Doctor, Doctor…

“As my sufferings mounted I soon realized that there were two ways in which I could respond to my situation — either to react with bitterness or seek to transform the suffering into a creative force. I decided to follow the latter course.”
~ Martin Luther King Jr.

 

When do you accept your current circumstances, and when do you keep fighting for change?

As someone who has lived with chronic illness and limitation for much of their life, this is a question I often ask myself.

I’m off to a new doctor today. Well, not so new. I’ve seen them twice before. I hesitate to write anything else at all about them, such is the culture of bullying and persecution that exists for doctors brave enough to diagnose and treat lyme disease here in Australia.

Anyway…

I saw my first lyme doctor back in 2013. They treated me with a hardcore regime of antibiotics and antibacterials, supplements and diet – saving my life and reversing many of my symptoms. But their practice was closed down fourteen months later, leaving me part-way through my treatment protocol and scrambling to find competent care.

I finally found another doctor to take me on.

Only to have that practice close down too.

I managed to cobble together a treatment plan and find other doctors who would treat me ‘under the radar’ but who couldn’t prescribe the drugs I needed to complete my treatment.

I improved a little more, and stabilised.

But slowly the old symptoms began to return, no matter what I did. Peripheral neuropathy, pain, rashes, facial numbness, exhaustion, mental confusion, neurological incontinence and lyme bladder, terrible headaches, eye pain, loss of vision, impaired balance, slow reflexes, sleep disturbance, fevers, sweats, heart problems.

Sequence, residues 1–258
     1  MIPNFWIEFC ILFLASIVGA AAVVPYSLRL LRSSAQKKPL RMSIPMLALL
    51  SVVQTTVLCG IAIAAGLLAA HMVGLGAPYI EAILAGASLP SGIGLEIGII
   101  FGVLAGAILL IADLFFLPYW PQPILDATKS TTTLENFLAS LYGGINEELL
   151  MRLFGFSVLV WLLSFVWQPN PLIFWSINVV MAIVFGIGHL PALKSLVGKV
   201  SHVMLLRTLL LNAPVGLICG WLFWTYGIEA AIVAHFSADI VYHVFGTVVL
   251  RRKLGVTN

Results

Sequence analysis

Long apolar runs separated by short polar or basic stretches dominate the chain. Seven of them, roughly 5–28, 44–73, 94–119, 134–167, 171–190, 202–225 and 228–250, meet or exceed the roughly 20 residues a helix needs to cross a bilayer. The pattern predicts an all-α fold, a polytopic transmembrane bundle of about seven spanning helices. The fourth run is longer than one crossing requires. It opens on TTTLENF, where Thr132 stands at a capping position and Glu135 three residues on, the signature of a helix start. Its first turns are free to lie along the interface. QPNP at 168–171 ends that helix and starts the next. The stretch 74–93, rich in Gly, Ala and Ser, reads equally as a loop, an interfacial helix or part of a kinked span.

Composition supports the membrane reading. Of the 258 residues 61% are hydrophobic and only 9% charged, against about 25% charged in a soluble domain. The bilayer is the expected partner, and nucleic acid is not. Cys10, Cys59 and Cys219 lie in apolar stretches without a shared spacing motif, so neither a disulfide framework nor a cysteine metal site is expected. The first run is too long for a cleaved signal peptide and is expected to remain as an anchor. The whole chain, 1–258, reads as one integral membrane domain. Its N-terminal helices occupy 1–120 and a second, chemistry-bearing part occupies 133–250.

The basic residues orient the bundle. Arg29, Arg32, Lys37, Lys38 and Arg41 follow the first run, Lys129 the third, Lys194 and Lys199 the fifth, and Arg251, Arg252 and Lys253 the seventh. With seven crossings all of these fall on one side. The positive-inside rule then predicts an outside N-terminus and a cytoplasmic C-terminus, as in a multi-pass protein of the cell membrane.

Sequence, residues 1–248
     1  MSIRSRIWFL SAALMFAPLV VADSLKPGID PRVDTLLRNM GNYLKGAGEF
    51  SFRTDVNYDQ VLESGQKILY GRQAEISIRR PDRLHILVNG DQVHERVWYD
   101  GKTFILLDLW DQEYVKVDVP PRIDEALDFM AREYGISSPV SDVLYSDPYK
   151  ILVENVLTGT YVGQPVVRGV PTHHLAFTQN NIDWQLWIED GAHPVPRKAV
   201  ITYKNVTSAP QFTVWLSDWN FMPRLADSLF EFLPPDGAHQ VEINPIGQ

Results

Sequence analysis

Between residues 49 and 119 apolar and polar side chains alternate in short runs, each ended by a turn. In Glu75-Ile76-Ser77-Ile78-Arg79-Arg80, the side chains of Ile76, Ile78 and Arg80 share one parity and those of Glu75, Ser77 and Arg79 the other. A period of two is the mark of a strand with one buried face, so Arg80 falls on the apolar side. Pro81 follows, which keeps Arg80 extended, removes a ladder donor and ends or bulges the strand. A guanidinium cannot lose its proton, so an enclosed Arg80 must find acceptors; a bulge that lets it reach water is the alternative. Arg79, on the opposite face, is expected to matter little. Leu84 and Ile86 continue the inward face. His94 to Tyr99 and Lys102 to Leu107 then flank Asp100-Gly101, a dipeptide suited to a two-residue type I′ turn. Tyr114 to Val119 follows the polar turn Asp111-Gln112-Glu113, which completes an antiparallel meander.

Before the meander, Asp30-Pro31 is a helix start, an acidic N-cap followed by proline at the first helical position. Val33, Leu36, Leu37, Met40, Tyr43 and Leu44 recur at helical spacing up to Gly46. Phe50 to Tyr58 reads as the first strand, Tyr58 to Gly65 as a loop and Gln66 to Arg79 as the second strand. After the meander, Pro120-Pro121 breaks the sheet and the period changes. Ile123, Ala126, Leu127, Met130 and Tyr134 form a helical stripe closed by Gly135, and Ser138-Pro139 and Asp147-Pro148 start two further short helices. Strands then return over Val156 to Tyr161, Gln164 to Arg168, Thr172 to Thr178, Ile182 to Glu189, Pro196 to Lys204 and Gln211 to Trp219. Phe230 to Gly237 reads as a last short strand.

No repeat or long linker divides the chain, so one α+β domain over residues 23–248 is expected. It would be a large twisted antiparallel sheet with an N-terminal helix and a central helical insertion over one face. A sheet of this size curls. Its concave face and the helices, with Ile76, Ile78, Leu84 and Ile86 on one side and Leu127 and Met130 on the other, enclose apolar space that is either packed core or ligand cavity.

Then I ended up with the flu at Easter, after which my old Lyme symptoms raged with a vengeance. My thyroid function has been almost destroyed, and my antibodies are off the chart. I have ongoing heart problems and vision disturbance which has not improved.

To have been on the road to well, and then to slide back again is terrifying.

To have gained function and then lost it again has been mental torture.

In early March, while I was in the Philipines I made the decision that I would leave Australia if necessary, to access the drugs and treatment that have been proven to lead me to recovery.

When I came home from Cebu someone in my circle directed me to this doctor, and told me they had discussed me with them, and that they would help me.

So, off I go today. I no longer even sit in a hopeful space. I am resolved and resigned. This is my new Plan A. But I have a Plan B and a Plan C too.

I know I can have a better quality of life. I’ve experienced that. And having tasted it I want more.

I’m not done fighting.

So, I’ll keep you posted. Fingers crossed this one is the last doctor I need for a long while.

Lyme Schlyme!

“I keep sailing on in this middle passage. I am sailing into the wind and the dark. But I am doing my best to keep my boat steady and my sails full.”  ~ Arthur Ashe

The past few days have not been among my best.

Physically I’ve struggled.